Four Worlds To Which The Mind Can Escape

[Krishna and Balarama with cow]“Sometimes the sakhas would take care of the cows who were going hither and thither. They would tell Krishna, ‘Your cows were going off here and there,’ and Krishna would thank them.” (The Nectar of Devotion, Ch 32)

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Feeling bored? Just got through something major and now there is nothing to occupy the time? How should the days be passed? What will stir the passions? Fortunately, there are different worlds to which the mind can escape. Attachments can be formed instantly, leading to both happiness and sadness.

1. Workplace drama

You were away on vacation for two weeks. It was lovely. No meeting anyone at work. No dealing with the pressure of deadlines. No having to tolerate the irrationality of your bosses and clients.

But now you are back. Already, on day one, you are upset. People in the office inform you of what others have said about you. There were some derogatory comments made. Another group is fighting amongst themselves. One person has a pressing matter that won’t be resolved until next week.

2. Television shows

You are so upset at how this particular show ended. The drama unfolded over nine years. It is the first show, in fact, that you followed from beginning to end. You watched every episode as it first aired, not having to catch up in syndication. You can’t believe what the writers did to the main character’s wife, a person he met after so much struggle. It’s going to take a few days to get over this.

3. Sports

You are depressed today. Your favorite team lost last night, in dramatic fashion. Their season is officially over. They came so close to pulling off the comeback, only to fall short in overtime of game seven. Last year around this same time you were elated since that team won the championship for the first time in forty years. Funny how life works. The joy didn’t last. You should still be happy, but you are not. You wanted more. You wanted the team to repeat. Now you have to wait until next year.

4. Krishna’s lila

There is this adorable child living in the home of mother Yashoda and her husband Nanda. He is cute, but not the most well-behaved. He likes to travel to the homes of the neighbors. He is the most attractive home intruder in history. He enters with a purpose: to steal butter. His mother has plenty in the home. His father is the leader of the community, known as Gokula.

Still, Krishna makes elaborate plots. The neighborhood mothers have learned. They now anticipate His arrival. To keep their stock safe, they put the butter high up in the cupboard. Krishna manages to succeed anyway. He brings His friends, and they stack different items together to be able to climb high.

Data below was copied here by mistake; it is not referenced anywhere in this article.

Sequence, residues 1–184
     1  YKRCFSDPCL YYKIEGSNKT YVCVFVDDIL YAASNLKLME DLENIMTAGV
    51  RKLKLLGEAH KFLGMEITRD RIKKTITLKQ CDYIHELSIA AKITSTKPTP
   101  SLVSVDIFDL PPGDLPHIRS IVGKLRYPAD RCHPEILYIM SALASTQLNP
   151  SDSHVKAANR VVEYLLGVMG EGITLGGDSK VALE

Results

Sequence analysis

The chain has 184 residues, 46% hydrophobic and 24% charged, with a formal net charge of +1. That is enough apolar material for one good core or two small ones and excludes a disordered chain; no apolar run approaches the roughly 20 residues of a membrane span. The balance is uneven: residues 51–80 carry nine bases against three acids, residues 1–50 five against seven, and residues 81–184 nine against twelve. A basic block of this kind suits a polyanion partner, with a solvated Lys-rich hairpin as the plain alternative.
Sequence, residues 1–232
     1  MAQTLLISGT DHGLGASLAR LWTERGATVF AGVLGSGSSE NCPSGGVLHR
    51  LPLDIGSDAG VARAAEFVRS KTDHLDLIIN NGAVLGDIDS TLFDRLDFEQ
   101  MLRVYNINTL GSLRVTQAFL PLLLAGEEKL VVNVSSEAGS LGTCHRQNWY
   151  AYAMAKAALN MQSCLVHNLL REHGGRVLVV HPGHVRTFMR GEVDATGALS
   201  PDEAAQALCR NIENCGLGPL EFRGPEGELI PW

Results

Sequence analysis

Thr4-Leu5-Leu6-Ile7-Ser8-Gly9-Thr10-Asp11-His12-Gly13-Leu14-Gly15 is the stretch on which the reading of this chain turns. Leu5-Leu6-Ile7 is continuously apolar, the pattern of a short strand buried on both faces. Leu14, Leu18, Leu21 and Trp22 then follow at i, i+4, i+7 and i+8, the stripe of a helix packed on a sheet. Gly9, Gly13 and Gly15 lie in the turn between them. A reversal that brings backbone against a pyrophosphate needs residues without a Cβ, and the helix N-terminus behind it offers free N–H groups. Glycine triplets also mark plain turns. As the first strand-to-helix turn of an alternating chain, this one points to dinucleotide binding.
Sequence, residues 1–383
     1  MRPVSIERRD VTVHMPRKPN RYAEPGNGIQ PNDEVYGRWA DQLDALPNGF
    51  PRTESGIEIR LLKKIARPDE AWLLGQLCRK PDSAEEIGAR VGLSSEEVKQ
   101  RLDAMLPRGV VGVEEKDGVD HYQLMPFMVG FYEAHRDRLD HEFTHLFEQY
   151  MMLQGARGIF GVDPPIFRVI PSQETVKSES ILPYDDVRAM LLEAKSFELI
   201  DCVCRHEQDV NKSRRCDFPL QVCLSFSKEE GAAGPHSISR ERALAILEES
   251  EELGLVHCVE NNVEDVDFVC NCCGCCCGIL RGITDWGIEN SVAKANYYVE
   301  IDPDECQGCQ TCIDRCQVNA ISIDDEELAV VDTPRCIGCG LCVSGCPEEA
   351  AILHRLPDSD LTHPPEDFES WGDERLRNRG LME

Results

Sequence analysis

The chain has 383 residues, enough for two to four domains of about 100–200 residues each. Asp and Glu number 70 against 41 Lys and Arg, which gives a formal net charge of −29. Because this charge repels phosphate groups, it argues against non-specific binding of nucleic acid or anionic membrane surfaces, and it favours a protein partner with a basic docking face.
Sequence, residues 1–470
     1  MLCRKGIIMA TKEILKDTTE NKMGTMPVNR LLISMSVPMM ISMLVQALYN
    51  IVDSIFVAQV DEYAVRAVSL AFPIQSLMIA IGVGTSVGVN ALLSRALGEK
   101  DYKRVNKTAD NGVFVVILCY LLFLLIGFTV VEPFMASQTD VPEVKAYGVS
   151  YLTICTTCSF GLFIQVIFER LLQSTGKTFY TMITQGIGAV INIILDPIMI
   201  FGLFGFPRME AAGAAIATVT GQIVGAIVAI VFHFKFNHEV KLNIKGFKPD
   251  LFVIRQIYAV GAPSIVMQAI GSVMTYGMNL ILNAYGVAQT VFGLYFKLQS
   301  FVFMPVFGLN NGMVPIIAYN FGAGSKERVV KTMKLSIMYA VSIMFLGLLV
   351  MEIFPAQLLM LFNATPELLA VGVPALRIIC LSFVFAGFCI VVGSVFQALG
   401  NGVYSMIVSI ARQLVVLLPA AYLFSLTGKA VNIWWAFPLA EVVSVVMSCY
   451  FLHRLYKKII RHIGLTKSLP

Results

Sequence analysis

As He gets a little older, Krishna goes out to the fields with His friends. They are in charge of the calves, as in Gokula cow protection is very important. The cows love Krishna so much that they immediately produce milk upon visual contact. One look at the darling child and everyone is enamored.

The bluish complexion isn’t the only attractive aspect to Krishna. He produces amazing sounds, as well. When the cows scatter here and there, almost out of control, Yashoda’s son climbs to the top of Govardhana Hill and plays His flute. That gets everyone’s attention. It is like His way of calling the devotees back to Him.

[Krishna and Balarama with cow]There is even more to life in that community. The blissful atmosphere spreads to the Vrindavana forest, where the goddess of devotion is prominent. She conspires with Paurnamasi Devi to arrange meetings between Krishna and those who love Him in an amorous mood. Shrimati Radharani is Krishna’s queen in these pastimes, which are known as lila in Sanskrit.

Of all the places to which the mind can escape, the sacred spiritual abode of the Supreme Personality of Godhead is the best. Though described in books that are thousands of years old, it is the lone reality. The experience through material life is real, but since everything gets destroyed eventually, the comparison to the dream is often made.

The mind desires escape; that cannot be denied. There are attachments formed. Even the strictly renounced yogi is desperately seeking vairagya, or detachment. They are essentially attached to this search. Attachment becomes beneficial when it is directed towards the Supreme Lord, who is originally a person. His pastimes are eternal, which means that the devoted soul can stay with Him forever and never get bored.

In Closing:

Desperate for peace to find,

Places to escape for the mind.

Like into television show’s story,

Or favorite team’s fighting for glory.

Or drama at office place,

But one only karma to erase.

Spiritual land, where a child butter stealing,

Playing with friends, flute sound most appealing.

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2 replies

  1. how beautiful the poem in the end Haribol

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